Upper Midwest Environmental Sciences Center

Wildlife Ecology

The Wildlife Ecology program provides scientific information to UMESC's partners to support the conservation and management of terrestrial (primarily amphibian and reptile) and aerial (birds and bat) species.

Filter Total Items: 35
Date published: October 27, 2021
Status: Active

Department of Interior the Natural Resource Conservation Achievement Award for FY19-20 for efforts associated with the Monarch Conservation Science Partnership

 Congratulations to the Monarch Conservation Science Partnership for receiving a 2020 Department of the Interior Natural Resource Conservation Achievement Award. The Team received this award in the Trailblazer category for efforts to address concerns related to the Monarch butterfly including conducting extinction risk research to establish the minimum overwintering population size required to...

Date published: January 12, 2021
Status: Active

TrendPowerTool: A web lookup tool for estimating the statistical power of a monitoring program to detect population trends

A simulation-based power analysis can be used to estimate the sample sizes needed for a successful monitoring program, but requires technical expertise and sometimes extensive computing resources. We developed a web-based lookup app, called TrendPowerTool, to provide guidance for ecological monitoring programs when resources are not...

Date published: July 29, 2020
Status: Active

Decision-support tool for managing endangered species in the face of uncertainty

Along the Santa Clara River in California, populations of the federally and state-listed Least Bell's Vireo (Vireo bellii pusillus) are recovering from near extirpation. Habitat protection and restoration, as well as reducing brood parasitism by Brown-headed Cowbirds (...

Contacts: Jessica C Stanton, Wayne E Thogmartin, Ph.D., Barbara Kus, Jenny Marek, Eric Morrissette, Linnea S. Hall, Allison Alvarado, Bruce K. Orr, Laura Riege
Date published: May 29, 2020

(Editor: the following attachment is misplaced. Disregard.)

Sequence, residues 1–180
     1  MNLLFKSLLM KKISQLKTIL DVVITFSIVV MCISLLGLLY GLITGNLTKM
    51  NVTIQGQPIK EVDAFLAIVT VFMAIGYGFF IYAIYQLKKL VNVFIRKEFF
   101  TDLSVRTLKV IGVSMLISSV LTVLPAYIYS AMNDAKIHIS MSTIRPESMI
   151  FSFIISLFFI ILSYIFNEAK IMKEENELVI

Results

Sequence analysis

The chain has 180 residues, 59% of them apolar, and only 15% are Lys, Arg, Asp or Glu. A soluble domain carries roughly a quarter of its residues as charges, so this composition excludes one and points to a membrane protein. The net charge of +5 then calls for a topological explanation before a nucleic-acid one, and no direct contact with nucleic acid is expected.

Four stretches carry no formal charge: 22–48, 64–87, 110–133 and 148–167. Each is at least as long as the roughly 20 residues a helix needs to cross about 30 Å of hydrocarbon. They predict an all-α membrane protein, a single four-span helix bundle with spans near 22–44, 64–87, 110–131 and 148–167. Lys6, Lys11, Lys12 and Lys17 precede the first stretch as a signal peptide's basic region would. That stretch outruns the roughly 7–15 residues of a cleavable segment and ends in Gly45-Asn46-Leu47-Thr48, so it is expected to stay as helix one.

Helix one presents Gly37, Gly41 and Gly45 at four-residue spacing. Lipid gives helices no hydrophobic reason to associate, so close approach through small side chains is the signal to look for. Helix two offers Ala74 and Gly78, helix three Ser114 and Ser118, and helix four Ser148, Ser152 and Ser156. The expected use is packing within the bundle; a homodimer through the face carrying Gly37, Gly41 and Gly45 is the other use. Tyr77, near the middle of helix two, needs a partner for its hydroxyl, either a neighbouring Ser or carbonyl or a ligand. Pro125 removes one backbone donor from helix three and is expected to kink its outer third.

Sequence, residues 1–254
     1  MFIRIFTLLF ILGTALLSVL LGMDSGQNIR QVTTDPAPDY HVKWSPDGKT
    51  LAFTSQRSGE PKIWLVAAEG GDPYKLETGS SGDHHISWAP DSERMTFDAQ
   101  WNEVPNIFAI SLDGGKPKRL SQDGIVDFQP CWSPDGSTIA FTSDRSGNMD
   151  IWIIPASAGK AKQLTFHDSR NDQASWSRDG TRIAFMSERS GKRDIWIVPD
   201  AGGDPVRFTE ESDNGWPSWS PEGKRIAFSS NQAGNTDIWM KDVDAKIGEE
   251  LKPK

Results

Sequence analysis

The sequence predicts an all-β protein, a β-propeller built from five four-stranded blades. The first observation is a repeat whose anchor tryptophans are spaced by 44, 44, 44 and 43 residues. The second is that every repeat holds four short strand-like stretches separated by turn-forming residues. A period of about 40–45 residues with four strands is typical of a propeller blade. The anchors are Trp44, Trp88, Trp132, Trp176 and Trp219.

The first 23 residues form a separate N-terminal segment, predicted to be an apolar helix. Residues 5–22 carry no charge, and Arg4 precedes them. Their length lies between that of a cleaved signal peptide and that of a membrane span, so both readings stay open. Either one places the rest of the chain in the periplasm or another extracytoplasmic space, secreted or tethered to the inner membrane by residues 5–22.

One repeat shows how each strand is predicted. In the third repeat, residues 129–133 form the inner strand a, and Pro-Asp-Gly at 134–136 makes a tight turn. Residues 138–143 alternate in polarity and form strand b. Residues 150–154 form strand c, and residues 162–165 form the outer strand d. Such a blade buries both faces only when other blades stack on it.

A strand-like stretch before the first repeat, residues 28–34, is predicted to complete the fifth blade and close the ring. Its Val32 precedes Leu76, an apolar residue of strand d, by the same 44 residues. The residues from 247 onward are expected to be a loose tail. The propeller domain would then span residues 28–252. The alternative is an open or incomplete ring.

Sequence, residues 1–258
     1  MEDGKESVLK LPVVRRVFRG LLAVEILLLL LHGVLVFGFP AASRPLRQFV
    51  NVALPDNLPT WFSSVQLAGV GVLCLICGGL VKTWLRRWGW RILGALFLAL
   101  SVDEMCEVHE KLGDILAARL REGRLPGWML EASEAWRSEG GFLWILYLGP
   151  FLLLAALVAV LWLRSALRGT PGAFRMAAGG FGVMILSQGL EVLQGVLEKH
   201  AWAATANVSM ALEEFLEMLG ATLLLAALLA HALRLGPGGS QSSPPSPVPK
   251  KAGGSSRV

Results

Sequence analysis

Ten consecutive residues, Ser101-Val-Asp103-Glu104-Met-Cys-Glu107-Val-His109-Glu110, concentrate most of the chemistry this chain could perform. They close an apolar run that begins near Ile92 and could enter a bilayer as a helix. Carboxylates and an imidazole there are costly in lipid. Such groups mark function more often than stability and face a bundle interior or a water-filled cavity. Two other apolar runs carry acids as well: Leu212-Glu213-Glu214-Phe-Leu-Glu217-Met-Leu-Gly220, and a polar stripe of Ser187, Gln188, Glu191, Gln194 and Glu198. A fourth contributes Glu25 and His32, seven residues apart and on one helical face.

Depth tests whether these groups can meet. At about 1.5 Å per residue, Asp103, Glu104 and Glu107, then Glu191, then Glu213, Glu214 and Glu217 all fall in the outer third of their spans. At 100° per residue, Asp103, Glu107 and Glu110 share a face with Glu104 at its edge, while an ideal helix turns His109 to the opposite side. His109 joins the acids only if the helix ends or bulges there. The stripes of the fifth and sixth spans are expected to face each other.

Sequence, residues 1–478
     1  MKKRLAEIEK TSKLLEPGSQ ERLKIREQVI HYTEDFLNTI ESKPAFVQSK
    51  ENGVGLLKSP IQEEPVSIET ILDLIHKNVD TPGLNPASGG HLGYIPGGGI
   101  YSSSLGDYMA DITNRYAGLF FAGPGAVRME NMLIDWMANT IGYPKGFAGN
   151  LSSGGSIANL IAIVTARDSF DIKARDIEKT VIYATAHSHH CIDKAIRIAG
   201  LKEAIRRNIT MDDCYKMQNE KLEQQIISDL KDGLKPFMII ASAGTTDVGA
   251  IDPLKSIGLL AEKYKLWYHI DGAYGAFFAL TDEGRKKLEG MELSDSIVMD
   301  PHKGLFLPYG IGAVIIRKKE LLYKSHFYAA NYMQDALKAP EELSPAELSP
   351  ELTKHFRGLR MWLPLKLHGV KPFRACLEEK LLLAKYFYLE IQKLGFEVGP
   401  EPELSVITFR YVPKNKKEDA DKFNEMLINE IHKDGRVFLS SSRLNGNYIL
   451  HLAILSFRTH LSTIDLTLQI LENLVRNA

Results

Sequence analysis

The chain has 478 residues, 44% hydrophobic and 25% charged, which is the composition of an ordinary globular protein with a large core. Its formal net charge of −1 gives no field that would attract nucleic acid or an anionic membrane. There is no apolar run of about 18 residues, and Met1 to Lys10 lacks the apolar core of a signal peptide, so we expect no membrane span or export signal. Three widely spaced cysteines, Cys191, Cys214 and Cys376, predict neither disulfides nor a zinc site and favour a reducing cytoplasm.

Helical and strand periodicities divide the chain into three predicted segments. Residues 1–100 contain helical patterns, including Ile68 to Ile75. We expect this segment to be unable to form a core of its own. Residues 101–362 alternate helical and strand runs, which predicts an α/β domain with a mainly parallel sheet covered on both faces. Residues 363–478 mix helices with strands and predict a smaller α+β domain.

Status: Active

Development of Sampling Protocols and Diagnostic Tools for Assessment of Freshwater Mussel Health

Assessing Impacts of Emerging and Established Diseases to Aquatic Ecosystems

The role of disease in freshwater mussel declines has been largely ignored due to the lack of appropriate diagnostic tools....

Contacts: Diane Waller
Date published: May 29, 2020
Status: Active

Development of a Broad Microarray Technology to Survey for Aquatic Pathogens

Assessing Impacts of Emerging and Established Diseases to Aquatic Ecosystems

The need to maintain healthy aquatic ecosystems and sustain healthy communities is greatly recognized. Aquatic pathogens pose a...

Contacts: Diane Waller
Date published: May 29, 2020
Status: Active

Assessing Impacts of Emerging and Established Diseases to Aquatic Ecosystems

Native freshwater mussels play a critical role in aquatic environments and are considered “ecosystem engineers” and indicators of water quality by constantly filtering water. Populations of native freshwater mussels have declined in recent years, and this decline has been attributed to factors such as habitat degradation, pollution, and invasive species, among others. The importance of these...

Contacts: Diane Waller
Date published: May 29, 2020
Status: Active

Investigation Into Mass Mussel Die-off Events

Assessing Impacts of Emerging and Established Diseases to Aquatic Ecosystems

The decline of native freshwater mussels has the potential to devastate aquatic communities. Although factors such as habitat...

Contacts: Diane Waller
Date published: May 29, 2020
Status: Active

Management Tools for Dreissenid Mussels

Dreissenid mussels have posed an aquatic invasive species challenge in the United States since their arrival in the Great Lakes in the 1980s. Zebra (Dreissena polymorpha) and Quagga (D. bugensis) mussels are filter feeders with high reproductive capacity. Their behaviors result in altered nutrient cycles, shifts in trophic structures, and extirpation of some native species in...

Contacts: Diane Waller
Date published: May 29, 2020
Status: Active

Development of Selective Control Tools

Management Tools for Dreissenid Mussels

Currently, dreissenid mussel populations are spreading and becoming a growing problem in many aquatic systems, making it important to find management techniques that are selective for the invasive...

Contacts: Diane Waller
Date published: May 29, 2020
Status: Active

Evaluation of Carbon Dioxide to Control Dreissenid Mussels

Management Tools for Dreissenid Mussels

Carbon dioxide (CO2) has been suggested as a chemical control for a variety of invasive aquatic organisms, including Asian Carp. USGS researchers and partners evaluated the efficacy of low CO...

Contacts: Diane Waller
Date published: May 29, 2020
Status: Active

Evaluation of Copper as a Control Agent for Invasive Mussels

Management Tools for Dreissenid Mussels

USGS researchers and partners conducted an experimental application of low dose copper, as EarthTecQZ, to a bay in Lake Minnetonka, Minnesota.  The veliger density and settlement were compared to that...

Contacts: Diane Waller
Date published: May 26, 2020
Status: Active

Monarch Conservation Planning Tools

Monarch Conservation Science Partnership Online Map Viewer

Desktop Monarch Conservation Planning Tools

Jason Rohweder, Wayne E. Thogmartin

U.S. Geological Survey, Upper Midwest Environmental Sciences Center